Spectrum of neuro-genetic disorders in the United Arab Emirates national population

Sirine Saleh, Ela Beyyumi, Aysha Al Kaabi, Jozef Hertecant, Doaa Barakat, Noura AlDhaheri, Lihadh Al-Gazali, Aisha Al Shamsi

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1 Citation (Scopus)

Abstract

Clinical and molecular characterization of neuro-genetic disorders among UAE national patients seen in the Genetic Clinic at Tawam hospital over a period of 3 years. A retrospective chart review of all Emirati patients assessed by clinical geneticists due to neuro-genetic disorders including global developmental delay, ASD, ID, ADHD, and epilepsy in combination with abnormalities of other organ systems. Each patient had proper assessment including detailed history, three-generation family history, developmental history and detailed physical examination looking for other system involvement. Hearing test and ophthalmological examination were performed when needed. Magnetic resonance imaging (MRI) of the brain, echocardiogram, and renal ultrasound were pursued as indicated. Detailed psychological evaluation and psychometric assessment were done when indicated. The review was done for a period between January 2018 and December 2020. Genetic investigations included chromosome karyotype, FISH study, metabolic/biochemical tests, chromosome microarray, gene sequencing, targeted mutation testing, trio whole exome and trio genome sequencing. A total of 644 patients with developmental delay, ID, learning difficulty, ASD, ADHD, or NNDs, were seen in genetic clinic from January 2018 to December 2020. A total of 506 patients were included in this review, all completed the genetic evaluations during the study period. There were 398 (61.8%) males and 246 (38.2%) females, with a ratio of 1.6:1. Positive family history of NDD was documented in 132 families, while 115 families had negative history and family history was unknown/unclear in the remaining. Fifty seven (11.26% [57/506]) patients had positive microarray results. Hundred ninety seven (38.9% [197/506]) patients had positive molecular testing. Genetic disorders were found in 133 (67.5% [133/197]) and inborn errors of metabolism were found in 42 (21.3% [42/197]). Consanguinity was documented in 139 patients with positive molecular diagnoses (139/197, 70.5%). Sixty nine (35% [69/197]) patients had autosomal dominant disorders, majority were De Novo (84%). Ninety-five (48% [95/197]) patients had autosomal recessive diseases, 40 mutations involved inborn errors of metabolism and 50 mutations involved genetic disorders. Pathogenic variants causing both autosomal dominant and recessive disorders were found in 98 patients (49.7% [98/197]), likely pathogenic variants causing both autosomal dominant and recessive disorders were found in 66 patients (33.5% [66/197]). X-linked related disorders were found in 10 patients (5% [10/197]). Mitochondrial mutation was found in one patient. Novel mutations were found in 76 patients (76/197 i.e., 38.56%). Twenty two patients had variants of unknown significant. The remaining 252 studied patients (252/506 i.e., 49.8%), remained undiagnosed. This study shows that neuro-genetic disorders in the UAE are very heterogeneous at clinical and molecular levels. Using microarray, WES and WGS a diagnosis was reached in 50% of the patients while no diagnosis was reached in other half of the studied patients. It is possible that some mutations were missed by WGS and WES. However, it is also possible that many of disorders in UAE population are novel and the causative mutation is not yet discovered. More researches need to be done in this population to uncover the molecular basis of these disorders.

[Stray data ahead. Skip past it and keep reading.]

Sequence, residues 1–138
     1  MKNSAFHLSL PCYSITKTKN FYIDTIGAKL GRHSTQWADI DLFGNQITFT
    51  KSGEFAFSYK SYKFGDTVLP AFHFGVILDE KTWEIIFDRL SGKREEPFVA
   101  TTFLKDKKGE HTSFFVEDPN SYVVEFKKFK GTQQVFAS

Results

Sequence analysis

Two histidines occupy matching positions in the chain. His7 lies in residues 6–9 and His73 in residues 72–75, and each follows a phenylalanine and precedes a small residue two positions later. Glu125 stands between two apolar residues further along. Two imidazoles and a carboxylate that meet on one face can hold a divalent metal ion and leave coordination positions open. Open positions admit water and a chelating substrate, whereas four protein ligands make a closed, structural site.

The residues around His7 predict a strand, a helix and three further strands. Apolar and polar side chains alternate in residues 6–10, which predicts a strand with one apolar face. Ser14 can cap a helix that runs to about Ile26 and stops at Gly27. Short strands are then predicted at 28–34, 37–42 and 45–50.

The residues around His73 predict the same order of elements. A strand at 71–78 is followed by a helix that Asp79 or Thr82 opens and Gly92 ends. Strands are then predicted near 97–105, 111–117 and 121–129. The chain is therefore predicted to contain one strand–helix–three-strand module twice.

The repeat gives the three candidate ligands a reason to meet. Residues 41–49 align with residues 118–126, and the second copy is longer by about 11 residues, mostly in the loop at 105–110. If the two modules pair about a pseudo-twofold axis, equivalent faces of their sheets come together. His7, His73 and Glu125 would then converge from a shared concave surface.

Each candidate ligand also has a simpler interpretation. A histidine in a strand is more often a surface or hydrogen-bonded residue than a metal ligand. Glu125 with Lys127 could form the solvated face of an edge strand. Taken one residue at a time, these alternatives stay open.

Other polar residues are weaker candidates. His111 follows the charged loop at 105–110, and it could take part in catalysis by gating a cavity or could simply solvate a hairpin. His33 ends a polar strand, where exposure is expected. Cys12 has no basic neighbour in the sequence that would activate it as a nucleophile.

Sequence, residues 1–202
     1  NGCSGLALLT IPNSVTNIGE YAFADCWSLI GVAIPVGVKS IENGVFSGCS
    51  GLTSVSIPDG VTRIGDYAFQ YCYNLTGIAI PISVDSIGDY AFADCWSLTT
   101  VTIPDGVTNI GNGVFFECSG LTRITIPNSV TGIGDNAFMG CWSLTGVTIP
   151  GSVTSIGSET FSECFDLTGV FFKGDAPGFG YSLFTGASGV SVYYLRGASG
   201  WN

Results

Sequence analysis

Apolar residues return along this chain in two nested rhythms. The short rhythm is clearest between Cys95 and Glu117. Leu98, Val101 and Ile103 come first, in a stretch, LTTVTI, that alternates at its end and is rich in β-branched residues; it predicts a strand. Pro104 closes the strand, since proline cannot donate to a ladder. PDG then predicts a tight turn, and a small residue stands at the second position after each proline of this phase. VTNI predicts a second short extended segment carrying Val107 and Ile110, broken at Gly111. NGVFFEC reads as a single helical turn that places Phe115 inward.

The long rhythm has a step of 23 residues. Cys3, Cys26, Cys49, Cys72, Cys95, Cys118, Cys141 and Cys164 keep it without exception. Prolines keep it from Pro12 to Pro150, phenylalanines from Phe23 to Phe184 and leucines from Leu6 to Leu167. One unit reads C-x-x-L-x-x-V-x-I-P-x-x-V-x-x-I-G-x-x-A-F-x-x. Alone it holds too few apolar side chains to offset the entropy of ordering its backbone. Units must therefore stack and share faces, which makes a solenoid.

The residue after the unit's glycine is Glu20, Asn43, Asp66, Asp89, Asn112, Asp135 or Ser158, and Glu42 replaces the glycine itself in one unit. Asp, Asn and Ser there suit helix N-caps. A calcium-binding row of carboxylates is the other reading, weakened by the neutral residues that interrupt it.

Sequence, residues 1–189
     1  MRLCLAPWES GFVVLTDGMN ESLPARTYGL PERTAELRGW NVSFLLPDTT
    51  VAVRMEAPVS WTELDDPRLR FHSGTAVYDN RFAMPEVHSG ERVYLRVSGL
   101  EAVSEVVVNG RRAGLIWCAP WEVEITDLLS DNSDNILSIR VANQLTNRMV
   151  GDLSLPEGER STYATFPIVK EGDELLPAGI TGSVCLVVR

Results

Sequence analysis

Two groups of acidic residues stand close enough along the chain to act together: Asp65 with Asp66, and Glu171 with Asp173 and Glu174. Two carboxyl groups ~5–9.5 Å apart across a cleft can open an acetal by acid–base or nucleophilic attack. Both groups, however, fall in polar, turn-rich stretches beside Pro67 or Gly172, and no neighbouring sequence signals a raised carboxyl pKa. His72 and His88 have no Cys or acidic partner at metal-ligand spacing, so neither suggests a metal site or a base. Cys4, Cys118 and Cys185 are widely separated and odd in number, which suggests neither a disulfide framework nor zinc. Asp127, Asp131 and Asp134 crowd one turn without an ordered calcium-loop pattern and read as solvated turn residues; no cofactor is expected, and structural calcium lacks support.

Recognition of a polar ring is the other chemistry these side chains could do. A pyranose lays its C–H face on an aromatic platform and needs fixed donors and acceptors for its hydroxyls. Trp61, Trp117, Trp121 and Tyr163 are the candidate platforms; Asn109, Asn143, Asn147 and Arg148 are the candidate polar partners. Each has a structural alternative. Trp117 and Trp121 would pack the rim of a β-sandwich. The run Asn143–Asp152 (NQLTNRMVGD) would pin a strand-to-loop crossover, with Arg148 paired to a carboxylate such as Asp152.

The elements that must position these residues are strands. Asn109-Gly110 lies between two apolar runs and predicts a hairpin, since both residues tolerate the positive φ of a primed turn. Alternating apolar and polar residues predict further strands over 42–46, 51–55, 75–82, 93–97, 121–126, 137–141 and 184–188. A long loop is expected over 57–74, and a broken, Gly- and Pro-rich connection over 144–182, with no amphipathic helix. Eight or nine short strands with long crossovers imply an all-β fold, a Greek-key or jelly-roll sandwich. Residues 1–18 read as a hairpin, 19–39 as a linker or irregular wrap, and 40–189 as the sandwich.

Original languageEnglish
Pages (from-to)573-600
Number of pages28
JournalClinical Genetics
Volume100
Issue number5
DOIs
Publication statusPublished - Nov 2021

Keywords

  • United Arab Emirates
  • developmental delay
  • intellectual disability
  • neuro-genetic disorders
  • neurodevelopmental disorders

ASJC Scopus subject areas

  • Genetics
  • Genetics(clinical)

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